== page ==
September 23, 2019

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Consumer technology: a trillion dollar market?

by Stuart Wilson, Tuesday 6 January 2015

This year’s International CES event in Las Vegas kicked off with the traditional analysis of global market statistics and trends. Steve Koenig, director of industry analysis at CEA claimed that global consumer technology spending hit US$1.024 trillion in 2014. While it is always nice to come up with a value for the global market size, it is also important to recognise the limitations of the data available and understand that some degree of estimation may be inevitable.

CEA do make it clear that the figures presented are a combination of its own monthly tracking and forecasting of shipments to US consumer sales channels, coupled with GfK’s retail consumer electronics sales tracking covering more than 340,000 retail stores in 80 countries. With more than 190 countries in the world, it is unclear how they are assessing the size of 100-plus countries not directly covered by GfK’s retail sellout data.

Leaving that aside for one moment, the most striking element of Koenig’s presentation was the fact that seven product categories continue to account for a vast majority of global technology spending. Dubbed the ‘Magnificent Seven’ by Koenig, it was pointed out that TVs, tablets, smartphones, mobile phones, desktops, notebooks and digital cameras account for almost 80% of global consumer technology spending in 2014.

Amazingly, 46% of consumer technology spending in 2015 is predicted to be tied up in just two categories: smartphones and tablets. The number of smartphones shipped in 2015 is expected to rise 19% to 1.5 billion units. However, 75% of smartphones will be sold in price-conscious developing markets in 2015 and that is allowing a new breed of low-cost brands to flourish and grow.

While smartphone unit sales will climb 19% in 2015, revenues are only expected to grow 9% because of increased demand for low-cost devices. The prediction is that the global average sales price (ASP) for a smartphone will drop to US$275 in 2015 and low-cost models will also start to make an impact in developed markets as well.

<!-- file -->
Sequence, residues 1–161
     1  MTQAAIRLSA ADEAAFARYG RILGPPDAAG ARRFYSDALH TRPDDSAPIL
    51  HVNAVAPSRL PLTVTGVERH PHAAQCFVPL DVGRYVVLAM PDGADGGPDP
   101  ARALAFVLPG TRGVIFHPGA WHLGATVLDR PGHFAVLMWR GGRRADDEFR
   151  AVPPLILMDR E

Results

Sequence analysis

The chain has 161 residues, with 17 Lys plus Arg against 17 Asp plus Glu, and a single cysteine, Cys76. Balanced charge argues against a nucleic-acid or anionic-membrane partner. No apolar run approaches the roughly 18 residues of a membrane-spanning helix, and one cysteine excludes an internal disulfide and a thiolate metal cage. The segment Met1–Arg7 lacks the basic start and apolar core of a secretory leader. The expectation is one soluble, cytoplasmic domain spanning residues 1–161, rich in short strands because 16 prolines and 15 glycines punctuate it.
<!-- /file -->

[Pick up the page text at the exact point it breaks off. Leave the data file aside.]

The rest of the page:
On the tablet side, unit sales in 2015 were expected to increase 20% year-on-year to 337 million units. Despite this unit increase, tablet revenues are predicted to fall 8% to US$61.9 billion as low-cost models and continued price erosion drive down prices. The tablet ASP was predicted to fall to US$259 in 2015.

Developing market growth has been hugely important in recent years. In 2014, developing markets contributed sales of US$497 billion, up 14% compared to 2011. In contrast, developed markets were worth US$516 billion in 2014 – down 9% from the 2011 figure.

Within the presented research, Central & Eastern Europe, Latin America, emerging APAC and Middle East & Africa were all classed as developing markets, while North America, Western Europe and developed APAC made up the developed market figures.

The ‘Magnificent Seven’ - TVs, tablets, smartphones, mobile phones, desktops, notebooks and digital cameras – also play a more prominent role in emerging markets compared to mature markets. In the Middle East & Africa and Latin America regions, these categories account for 83% of technology device spending. In contrast, in Western Europe, this figure is just 64%.

There is no getting away from the importance of these seven categories, but these are products characterised by price erosion, slim margins and rapid commoditisation. For that reason, the industry as a whole, including the channel partners that play a vital role in pushing products to consumers, need to keep looking at what’s next.

CES will be dominated by the ‘Magnificent Seven’ once again this week, but the true buzz and excitement will be elsewhere. Wearables, health and fitness technology, robotics, smart home technologies, connected devices and even drones will all garner significant attention as everyone tries hard to stay ahead of the curve.

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